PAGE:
Work in Progress

A Foundation for Universalisation in Games


Revealed preference theory equates choices to tastes. Nevertheless, if a moral principle prescribes an act for reasons unrelated to its consequences, the inference drawn regarding tastes is misleading. In this paper, I study the behaviour of deontological individuals who follow the moral principle of universalisation. They choose the action that, if chosen by everyone else as well, leads to their preferred outcome. I develop a decision theory for individuals who value the impact of their choice in determining a counterfactual outcome they envision. Choice is interpreted as revealing a preference for counterfactual outcomes. The theory can be specified to obtain the most prominent models of universalisation, compare them, highlight, and arguably overcome their limitations. I propose a unifying model of universalisation inspired by the equal sacrifice principle.

Draft [New version coming soon!]

Belief-dependent Motivations and Belief Updating


I develop a theory of motivated belief updating. An individual who exhibits preferences for her beliefs faces a dynamic decision problem. Ex-ante behavior reveals that she anticipates she will distort her beliefs to satisfy her belief-dependent preferences. I provide assumptions that allow identifying preferences, prior beliefs, and departures from Bayesian updating. The theory rationalises excessive trading, the ostrich effect, and moral wiggle room.

Preliminary draft available upon request

Can Pessimistic Beliefs Threaten Redistribution?


We develop and test a theory of how beliefs about other people's responsiveness to incentives shape preferences for redistribution. In a linear income taxation model where agents have heterogeneous prosocial preferences, more altruistic agents distort their labour supply to a lesser extent when the tax rate is higher. If agents have imperfect information on (the distribution of) preferences in the society, overly pessimistic beliefs imply a relatively low Condorcet-winner tax, even though most agents are poor and/or altruist. We develop an experimental design to test this prediction.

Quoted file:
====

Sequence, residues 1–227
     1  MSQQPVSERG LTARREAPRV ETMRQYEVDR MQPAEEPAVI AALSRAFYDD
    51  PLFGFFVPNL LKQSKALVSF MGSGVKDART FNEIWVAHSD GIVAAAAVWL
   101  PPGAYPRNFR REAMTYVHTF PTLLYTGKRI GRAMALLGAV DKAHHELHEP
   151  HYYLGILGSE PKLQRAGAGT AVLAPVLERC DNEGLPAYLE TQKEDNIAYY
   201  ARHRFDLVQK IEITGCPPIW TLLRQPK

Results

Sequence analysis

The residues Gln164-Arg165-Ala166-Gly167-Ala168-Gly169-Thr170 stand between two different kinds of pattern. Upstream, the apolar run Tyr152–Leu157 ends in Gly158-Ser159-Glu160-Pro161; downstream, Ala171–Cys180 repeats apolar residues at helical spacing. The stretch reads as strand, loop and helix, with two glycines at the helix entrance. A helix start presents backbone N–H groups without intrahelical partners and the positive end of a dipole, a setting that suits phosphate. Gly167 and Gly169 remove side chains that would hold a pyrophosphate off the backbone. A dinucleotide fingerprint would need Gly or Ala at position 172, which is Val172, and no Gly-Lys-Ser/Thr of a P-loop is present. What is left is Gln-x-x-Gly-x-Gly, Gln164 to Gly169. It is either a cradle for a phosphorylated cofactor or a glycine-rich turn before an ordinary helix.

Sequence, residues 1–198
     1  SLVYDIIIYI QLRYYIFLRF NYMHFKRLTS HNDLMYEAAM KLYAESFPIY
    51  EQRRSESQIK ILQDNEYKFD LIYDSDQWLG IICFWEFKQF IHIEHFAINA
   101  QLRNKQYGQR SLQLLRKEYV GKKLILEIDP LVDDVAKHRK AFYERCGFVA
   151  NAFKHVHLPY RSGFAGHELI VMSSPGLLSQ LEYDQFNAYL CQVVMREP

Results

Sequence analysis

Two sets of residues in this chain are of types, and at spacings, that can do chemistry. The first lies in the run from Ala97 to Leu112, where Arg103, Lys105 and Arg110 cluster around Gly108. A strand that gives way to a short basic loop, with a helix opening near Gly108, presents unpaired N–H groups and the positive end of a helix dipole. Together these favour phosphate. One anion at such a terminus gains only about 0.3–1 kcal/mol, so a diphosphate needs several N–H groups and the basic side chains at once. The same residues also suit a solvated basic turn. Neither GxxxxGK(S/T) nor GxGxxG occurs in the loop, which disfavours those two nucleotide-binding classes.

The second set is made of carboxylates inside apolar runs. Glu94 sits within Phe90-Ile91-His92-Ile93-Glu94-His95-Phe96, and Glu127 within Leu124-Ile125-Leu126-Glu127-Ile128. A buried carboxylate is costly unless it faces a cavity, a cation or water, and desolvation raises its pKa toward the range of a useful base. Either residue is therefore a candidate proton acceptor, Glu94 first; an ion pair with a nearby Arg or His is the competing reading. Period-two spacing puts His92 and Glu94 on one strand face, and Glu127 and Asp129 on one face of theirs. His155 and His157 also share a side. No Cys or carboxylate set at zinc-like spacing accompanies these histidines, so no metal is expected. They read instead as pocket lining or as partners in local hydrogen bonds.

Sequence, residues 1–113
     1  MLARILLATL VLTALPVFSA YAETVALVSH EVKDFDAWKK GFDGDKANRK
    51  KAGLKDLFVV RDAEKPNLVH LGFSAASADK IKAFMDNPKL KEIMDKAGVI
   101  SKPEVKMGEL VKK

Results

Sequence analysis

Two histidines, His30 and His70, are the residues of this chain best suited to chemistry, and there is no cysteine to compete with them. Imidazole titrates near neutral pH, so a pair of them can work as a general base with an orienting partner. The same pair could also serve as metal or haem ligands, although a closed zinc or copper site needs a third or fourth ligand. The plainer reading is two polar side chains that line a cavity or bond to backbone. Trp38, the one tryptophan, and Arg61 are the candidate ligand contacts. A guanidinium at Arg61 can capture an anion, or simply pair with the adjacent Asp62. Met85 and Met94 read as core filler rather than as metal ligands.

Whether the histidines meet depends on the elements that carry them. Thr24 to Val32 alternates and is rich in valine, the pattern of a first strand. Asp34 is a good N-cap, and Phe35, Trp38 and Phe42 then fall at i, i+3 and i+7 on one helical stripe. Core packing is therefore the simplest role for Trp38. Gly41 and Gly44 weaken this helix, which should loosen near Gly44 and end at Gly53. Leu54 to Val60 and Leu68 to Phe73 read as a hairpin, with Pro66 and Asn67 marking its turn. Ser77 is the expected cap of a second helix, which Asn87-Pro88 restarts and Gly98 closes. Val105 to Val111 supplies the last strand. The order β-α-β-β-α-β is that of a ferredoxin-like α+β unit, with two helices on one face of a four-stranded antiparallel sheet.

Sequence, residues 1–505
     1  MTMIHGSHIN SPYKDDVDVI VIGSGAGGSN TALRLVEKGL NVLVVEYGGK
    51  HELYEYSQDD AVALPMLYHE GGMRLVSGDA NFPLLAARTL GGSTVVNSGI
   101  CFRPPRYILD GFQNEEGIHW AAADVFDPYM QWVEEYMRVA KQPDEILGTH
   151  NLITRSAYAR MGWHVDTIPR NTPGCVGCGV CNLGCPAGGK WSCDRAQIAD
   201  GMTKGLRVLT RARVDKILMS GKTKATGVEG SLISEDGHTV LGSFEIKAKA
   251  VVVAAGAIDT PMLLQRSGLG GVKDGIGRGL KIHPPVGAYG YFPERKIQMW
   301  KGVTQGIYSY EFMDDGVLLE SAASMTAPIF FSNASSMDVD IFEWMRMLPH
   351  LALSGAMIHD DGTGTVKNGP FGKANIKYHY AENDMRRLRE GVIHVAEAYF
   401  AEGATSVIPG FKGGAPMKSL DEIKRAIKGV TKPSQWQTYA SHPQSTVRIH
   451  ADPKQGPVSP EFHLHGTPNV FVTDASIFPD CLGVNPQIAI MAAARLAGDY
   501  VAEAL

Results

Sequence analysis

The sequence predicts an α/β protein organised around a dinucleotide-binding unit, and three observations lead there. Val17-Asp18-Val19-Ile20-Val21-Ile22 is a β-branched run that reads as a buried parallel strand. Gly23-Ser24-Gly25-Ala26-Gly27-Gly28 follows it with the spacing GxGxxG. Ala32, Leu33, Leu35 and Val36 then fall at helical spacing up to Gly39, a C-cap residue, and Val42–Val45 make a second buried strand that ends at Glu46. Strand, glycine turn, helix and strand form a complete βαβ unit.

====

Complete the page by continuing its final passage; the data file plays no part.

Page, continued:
Preliminary draft available upon request

Welfarist Meritocracy


I develop a framework to conceptualise different understandings of meritocracy. A meritocracy is characterised by a metric of merit and a related reward system. Individuals obtain a higher reward when they score higher on the metric of merit. I focus on a strictly welfarist understanding of these two elements. An individual's action scores higher in the metric of merit than another if it leads to a pareto improvement in welfare. The reward for merit is individual welfare. I show that, under these two assumptions, for any collective action profile, there is a meritocratic reward system implementing it. I thus argue that meritocracy is a vacuous allocation rule when conceptualised through a purely welfarist lens. As a result, I propose that meritocracy should be viewed as a fundamentally non welfarist criterion.

Preliminary draft coming soon!

Other Work

I have some work in areas in the neighborhood of economics, but not quite there. You can find it here.

The Chaining Argument Unchained


We argue that Chang's chaining argument against the Trichotomy Thesis relies on a notion of distance that is a trichotomous relation itself. Building from this insight, we show that the premises of the argument are inconsistent with each other and the argument is therefore unsound. Our result illuminates that the chaining argument does not provide insights into axiology.

Draft available upon request

Book Review

Review of Ivan Moscati’s Measuring Utility: From the Marginal Revolution to Behavioral Economics